Protein Folding

Protein Folding

Protein Folding

We are interested in characterizing the general principles that govern protein folding. Despite being a long studied problem, many questions remain unresolved, for example the physical folding events that dictate the pathway as well as a concise understanding of the origins of the cooperative protein folding.

Our studies are consistent with the principle of Sequential Stabilization - that protein folding is a series of smaller folding events described by the concurrent formation of secondary and tertiary structure, e.g. a turn of helix forms which buries hydrophobic surface area. This incremental accumulation of structure mostly produces native- or unfolded-like regions during folding, as suggested by the frequent observation of ψ values of 0 or 1 as well as the cooperative pattern of protection factors for hydrogen exchange (HX).

"70% Rule of Folding"

We have characterized the transition state ensembles of several proteins and have found a common feature – that is the transition state achieves 70-80% of the native topology (as defined by relative contact order - Plaxco et al., 1998). This "70% Rule" supports the belief that topology is a critical feature of the transition state and supports the correlation between folding rate and topology. Furthermore, the high threshold places a strong constraint on feasible transition state structures for a particular native topology.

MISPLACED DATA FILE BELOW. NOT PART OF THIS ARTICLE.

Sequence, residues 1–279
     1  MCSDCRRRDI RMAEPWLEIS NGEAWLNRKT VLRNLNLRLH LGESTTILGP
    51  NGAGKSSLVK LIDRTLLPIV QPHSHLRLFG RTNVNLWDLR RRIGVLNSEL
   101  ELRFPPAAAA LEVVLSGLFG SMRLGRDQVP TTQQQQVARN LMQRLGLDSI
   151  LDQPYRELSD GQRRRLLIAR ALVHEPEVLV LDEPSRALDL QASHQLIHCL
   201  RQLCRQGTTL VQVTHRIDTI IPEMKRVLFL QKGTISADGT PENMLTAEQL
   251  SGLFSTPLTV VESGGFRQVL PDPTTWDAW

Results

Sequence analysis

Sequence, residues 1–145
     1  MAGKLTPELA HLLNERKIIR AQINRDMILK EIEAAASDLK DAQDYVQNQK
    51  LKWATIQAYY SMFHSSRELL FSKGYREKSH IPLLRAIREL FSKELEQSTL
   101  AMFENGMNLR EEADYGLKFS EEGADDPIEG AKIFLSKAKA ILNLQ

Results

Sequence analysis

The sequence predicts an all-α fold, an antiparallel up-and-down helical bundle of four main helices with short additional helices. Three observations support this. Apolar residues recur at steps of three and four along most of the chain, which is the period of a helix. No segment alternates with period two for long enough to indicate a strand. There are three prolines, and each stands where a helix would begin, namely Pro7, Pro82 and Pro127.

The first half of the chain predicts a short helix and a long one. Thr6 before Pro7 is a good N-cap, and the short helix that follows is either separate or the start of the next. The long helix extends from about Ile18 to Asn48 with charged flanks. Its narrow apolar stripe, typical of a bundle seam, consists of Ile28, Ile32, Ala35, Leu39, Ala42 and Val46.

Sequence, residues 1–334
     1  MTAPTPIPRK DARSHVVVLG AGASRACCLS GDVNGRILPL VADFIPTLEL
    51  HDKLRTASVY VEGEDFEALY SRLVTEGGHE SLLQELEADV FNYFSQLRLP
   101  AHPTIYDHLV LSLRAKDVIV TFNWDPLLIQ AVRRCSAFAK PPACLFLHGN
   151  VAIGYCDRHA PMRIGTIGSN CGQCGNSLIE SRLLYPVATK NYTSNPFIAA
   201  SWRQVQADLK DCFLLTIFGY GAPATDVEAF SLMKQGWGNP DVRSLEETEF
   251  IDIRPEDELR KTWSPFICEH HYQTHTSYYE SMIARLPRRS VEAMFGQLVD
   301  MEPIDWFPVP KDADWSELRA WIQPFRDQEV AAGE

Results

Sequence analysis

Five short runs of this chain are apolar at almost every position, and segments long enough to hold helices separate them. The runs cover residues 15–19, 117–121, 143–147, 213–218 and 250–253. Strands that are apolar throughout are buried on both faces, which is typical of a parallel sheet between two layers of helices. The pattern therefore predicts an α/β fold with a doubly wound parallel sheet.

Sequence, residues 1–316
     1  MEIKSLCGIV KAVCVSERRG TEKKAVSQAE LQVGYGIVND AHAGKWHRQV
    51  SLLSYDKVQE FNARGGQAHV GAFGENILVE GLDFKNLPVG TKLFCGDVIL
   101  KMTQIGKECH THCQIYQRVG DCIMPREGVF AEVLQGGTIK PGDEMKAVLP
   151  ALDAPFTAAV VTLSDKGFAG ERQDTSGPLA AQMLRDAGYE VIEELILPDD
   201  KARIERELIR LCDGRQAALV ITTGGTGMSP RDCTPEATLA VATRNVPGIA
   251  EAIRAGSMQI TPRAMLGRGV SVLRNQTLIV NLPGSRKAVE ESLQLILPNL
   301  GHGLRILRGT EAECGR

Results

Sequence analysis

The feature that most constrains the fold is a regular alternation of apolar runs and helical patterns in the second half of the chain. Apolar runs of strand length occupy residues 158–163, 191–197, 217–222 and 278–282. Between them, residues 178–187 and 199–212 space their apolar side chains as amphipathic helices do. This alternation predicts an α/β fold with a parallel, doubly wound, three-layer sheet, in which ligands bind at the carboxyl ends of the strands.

What makes a protein cooperative?

Our current views on the origin of folding cooperativity and stability are challenged by our studies of snowflea anti-freeze protein (sfAFP), which has a unique fold composed of 6 polyproline 2 (PP2) helices arranged in a 3x2 stack held together by inter-helical H-bonds. Despite lacking a hydrophobic core and being 46% Glycine, sfAFP is stable and folds in a two-state manner. sfAFP highlights that while we have a good, at least qualitative understanding of folding for typical, relatively small systems, much remains to be determined, especially the proper balance of the various forces that drive folding.

Z.P. Gates*, M.C. Baxa*, W. Yu, J.A. Riback, H. Li, B. Roux, S.B.H. Kent, T.R. Sosnick, "Perplexing cooperative folding and stability of a low-sequence complexity, polyproline 2 protein lacking a hydrophobic core" Proc Natl Acad Sci U S A 114 (2017) 2241-6.

W. Yu, M.C. Baxa, I. Gagnon, K.F. Freed, T.R. Sosnick, "Cooperative folding near the downhill limit determined with amino acid resolution by hydrogen exchange" Proc Natl Acad Sci U S A 113 (2016) 4747-52.

M.C. Baxa, W. Yu, A.N. Adhikari, L. Ge, Z. Xia, R. Zhou, K.F. Freed, T.R. Sosnick, "Even with nonnative interactions, the updated folding transition states of the homologs Proteins G & L are extensive and similar" Proc Natl Acad Sci U S A 112 (2015) 8302-7.

J.J. Skinner, W. Yu, E.K. Gichana, M.C. Baxa, J.R. Hinshaw, K.F. Freed, T.R. Sosnick, "Benchmarking all-atom simulations using hydrogen exchange" Proc Natl Acad Sci U S A 111 (2014) 15975-80.

T.Y. Yoo, A. Adhikari, Z. Xia, T. Huynh, K.F. Freed, R. Zhou, T.R. Sosnick, "The folding transition state of protein L is extensive with nonnative interactions (and not small and polarized)" J Mol Biol 420 (2012) 220-34.

T.R. Sosnick, D. Barrick, "The folding of single domain proteins--have we reached a consensus?" Curr Opin Struct Biol 21 (2011) 12-24.

M.C. Baxa, K.F. Freed, T.R. Sosnick, "Psi-constrained simulations of protein folding transition states: implications for calculating φ" J Mol Biol 386 (2009) 920-8.